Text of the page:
Tuesday, November 8, 2011

How to Teach Your Child Time Management

    Life is complicated. Children have more homework, scheduled activities and many different commitments and distractions. Parents also have busy schedules. However, in order for a household to thrive and function smoothly, a family needs to work together in managing their time.

    Since most children are not born organized, a parent must teach children time management skills. Read on to learn how to teach your child the art of scheduling and multi-tasking.
 Be a role model. Unorganized, chaotic parents usually have unorganized, chaotic children. Make a schedule for personal tasks and stick to it. Demonstrate with your behavior, how a child can be a successful time manager.
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Develop routines as a family. Hold a family meeting to discuss chores and activities. Allow input from all family members on chores and activities that will be a part of the family routine. Determine rewards that will be given when each family member completes tasks. And, decide what consequences occur when someone does not fulfill his responsibility.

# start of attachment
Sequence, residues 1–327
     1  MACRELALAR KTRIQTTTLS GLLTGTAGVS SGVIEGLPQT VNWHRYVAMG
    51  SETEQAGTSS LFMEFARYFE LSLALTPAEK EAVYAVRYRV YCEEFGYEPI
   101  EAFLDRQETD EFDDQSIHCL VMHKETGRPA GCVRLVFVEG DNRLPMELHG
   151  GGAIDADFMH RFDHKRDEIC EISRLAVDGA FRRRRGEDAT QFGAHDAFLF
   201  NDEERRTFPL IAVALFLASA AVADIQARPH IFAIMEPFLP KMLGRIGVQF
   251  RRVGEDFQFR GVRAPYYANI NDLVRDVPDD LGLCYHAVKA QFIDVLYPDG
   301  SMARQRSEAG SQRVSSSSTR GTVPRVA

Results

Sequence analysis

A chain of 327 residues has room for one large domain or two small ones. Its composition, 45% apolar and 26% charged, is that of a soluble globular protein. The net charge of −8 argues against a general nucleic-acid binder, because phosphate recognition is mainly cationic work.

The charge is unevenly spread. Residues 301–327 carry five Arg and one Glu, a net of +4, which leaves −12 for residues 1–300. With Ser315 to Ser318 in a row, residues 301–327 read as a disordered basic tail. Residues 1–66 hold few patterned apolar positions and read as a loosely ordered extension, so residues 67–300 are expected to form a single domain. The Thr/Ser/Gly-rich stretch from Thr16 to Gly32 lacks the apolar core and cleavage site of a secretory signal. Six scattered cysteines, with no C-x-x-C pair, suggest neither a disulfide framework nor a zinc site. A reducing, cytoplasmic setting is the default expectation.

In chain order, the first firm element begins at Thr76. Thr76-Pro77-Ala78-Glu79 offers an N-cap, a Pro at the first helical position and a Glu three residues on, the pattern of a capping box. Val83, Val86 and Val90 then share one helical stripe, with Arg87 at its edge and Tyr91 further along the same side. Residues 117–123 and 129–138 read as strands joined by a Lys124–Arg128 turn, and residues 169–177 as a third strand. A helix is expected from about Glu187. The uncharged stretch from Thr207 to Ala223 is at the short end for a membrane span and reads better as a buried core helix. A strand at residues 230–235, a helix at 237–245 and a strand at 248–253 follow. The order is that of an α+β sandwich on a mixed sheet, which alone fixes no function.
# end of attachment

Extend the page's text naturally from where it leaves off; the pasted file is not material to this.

•  3 
Make routines and chore charts for each member of the family. For parents and older children, a list of chores should be enough. For a younger child, provide a sticker chart to motivate and give visual cues to complete tasks. For children too young to read, pictures and colors can represent tasks.
All charts should be in the same place so the family can meet and see each other progress easily. Involving everyone will boost morale and support among family members.
•  4 
Provide a child with the necessary tools she needs to succeed. Alarm clocks, wrist watches and personal calendars may be used with an older child. For a younger child, parental reminders and charts will help her to focus on necessary activities. Remember, positive encouragement and helpful (but kind) feedback goes a long way for any member of the family.
•  5 
Be consistent. If a child does not practice time management on a regular basis, he will likely struggle with it. By keeping lines of communication open, acting as a role model and providing tools to succeed, the process of teaching time management will become easier.

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